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Letters to the editor: A harrowing reminder

A harrowing reminder

TO THE EDITOR

Sarah Yacoub's recent column (Thursday, Aug. 30) in this paper is a harrowing reminder of just how easily some people can justify taking a life. She makes the case that if a family is treading water or can't afford to pay for healthcare, then a child does not deserve the right to live. Is that really the bar our society should set? Any little financial hiccup is an excuse to deny a bay the right to exist? If your electricity bill is too high, should you abort your child? If you're late on your credit card, should you abort your child? What world are we living in if people like Sarah value the sanctity of life less than they value Obamacare?

What's worse, Yacoub is either lying or misinformed about her accusations. She said pro-lifers haven't thought about illegal abortions, but these laws already exist. She claims pro-lifers are pulling heart strings, but then asks what would happen if a mother's life were at risk. AGain, these laws already exist. And pro-life people ARE trying to help, one fundraiser, cookie sale, donation at a time with NO help from government money (unlike Planned Parenthood who takes our taxpayer dollars for anti-life purposes.)

Personally, I support life, as well as taking the $25 million Madison's Planned Parenthood receives each year and putting it toward non-controversial services that actually help women gain access to healthcare and services, rather than encouraging them to abort their child. That's why I support the introduction of the Women's Public Health and Safety Act, which would do just that.

If you are pregnant and scared and you read Sarah's column, know that she is wrong. You are strong and life is precious.

Deborah Elwood

Hudson

Greetings of peace

TO THE EDITOR

My name is John Emery. I am a veteran of the US Army, a Muslim, and a speaker for Islamic Resource Group [irgmn.org]. While I am not a resident of Hudson, I have followed the exchanges in this paper about the role of Muslims in the United States. I have noticed a lack of Muslim voices in this conversation, and I would like to provide some context and speak on behalf of Americans who are Muslim.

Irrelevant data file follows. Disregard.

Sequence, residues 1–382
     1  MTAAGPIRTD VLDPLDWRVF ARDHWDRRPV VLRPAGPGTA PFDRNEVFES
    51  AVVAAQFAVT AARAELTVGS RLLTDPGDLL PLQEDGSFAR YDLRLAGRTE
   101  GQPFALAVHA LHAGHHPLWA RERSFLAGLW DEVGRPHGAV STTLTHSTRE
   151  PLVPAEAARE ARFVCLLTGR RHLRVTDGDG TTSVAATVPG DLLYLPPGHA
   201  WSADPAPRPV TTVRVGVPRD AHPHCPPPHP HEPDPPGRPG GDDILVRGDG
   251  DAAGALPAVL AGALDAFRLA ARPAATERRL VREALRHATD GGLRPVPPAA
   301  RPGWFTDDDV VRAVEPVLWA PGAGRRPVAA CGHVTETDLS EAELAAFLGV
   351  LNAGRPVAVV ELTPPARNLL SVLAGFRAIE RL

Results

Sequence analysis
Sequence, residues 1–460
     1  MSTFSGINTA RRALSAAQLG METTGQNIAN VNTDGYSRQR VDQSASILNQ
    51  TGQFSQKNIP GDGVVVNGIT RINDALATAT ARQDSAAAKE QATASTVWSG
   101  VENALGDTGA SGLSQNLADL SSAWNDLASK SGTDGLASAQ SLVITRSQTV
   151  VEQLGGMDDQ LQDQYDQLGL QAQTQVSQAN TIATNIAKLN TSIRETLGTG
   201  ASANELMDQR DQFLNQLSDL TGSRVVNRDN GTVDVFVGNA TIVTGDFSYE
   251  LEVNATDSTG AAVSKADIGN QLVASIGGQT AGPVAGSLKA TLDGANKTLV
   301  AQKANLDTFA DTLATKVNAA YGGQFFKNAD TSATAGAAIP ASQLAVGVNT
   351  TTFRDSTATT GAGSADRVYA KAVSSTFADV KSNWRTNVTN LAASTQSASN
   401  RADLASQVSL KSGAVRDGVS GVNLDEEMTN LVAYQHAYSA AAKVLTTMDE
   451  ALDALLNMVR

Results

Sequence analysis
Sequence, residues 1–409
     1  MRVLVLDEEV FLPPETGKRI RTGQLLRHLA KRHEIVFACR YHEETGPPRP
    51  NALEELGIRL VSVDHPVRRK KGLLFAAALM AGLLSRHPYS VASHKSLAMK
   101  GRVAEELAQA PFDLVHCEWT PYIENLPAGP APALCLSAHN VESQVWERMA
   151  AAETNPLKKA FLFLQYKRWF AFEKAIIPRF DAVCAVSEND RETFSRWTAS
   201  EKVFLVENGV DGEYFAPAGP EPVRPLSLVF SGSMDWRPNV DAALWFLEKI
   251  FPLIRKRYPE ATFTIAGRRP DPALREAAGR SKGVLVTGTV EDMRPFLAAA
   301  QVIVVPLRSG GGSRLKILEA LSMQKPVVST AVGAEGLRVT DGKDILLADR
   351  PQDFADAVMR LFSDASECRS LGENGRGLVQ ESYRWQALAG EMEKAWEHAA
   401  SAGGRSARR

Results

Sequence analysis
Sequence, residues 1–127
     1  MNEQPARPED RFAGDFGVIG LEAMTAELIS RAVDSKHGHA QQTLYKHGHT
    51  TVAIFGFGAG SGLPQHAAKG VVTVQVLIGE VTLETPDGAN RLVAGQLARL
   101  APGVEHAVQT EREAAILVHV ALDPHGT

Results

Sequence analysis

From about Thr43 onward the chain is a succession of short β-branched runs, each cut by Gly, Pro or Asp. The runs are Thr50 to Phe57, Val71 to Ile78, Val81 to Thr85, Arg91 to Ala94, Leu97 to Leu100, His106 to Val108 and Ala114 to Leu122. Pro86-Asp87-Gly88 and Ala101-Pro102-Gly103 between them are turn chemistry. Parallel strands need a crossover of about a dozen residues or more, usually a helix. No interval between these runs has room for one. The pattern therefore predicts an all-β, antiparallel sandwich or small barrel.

Muslims have been a part of the Americas since at least 1528, helping explore what would become the United States. About one-third of the Africans enslaved in the Americas were Muslims when they arrived. In the 19th and 20th centuries, generations of Muslims came to the United States seeking freedom from military conscription, unfair taxation and lack of opportunity.

These Muslim homesteaders, entrepreneurs and factory workers demonstrated that with hard work and grit any person can succeed in America, regardless of their ethnic or religious background.

Today, in the 21st century, Muslims around the world continue to seek a home in the United States. Like my German Catholic and Irish Protestant ancestors, they are seeking a home free from religious persecution where they can combine their religious values with the high ideals of the American Constitution. Americans who are Muslim love this country because of America's commitment to fairness, dignity and respect for all. We are weaker as a country when we let fear and lack of understanding to come between us. So, instead of dividing along sectarian lines, let us unite in a United States which doesn't simply tolerate difference, but celebrates the strength and beauty of our diverse backgrounds.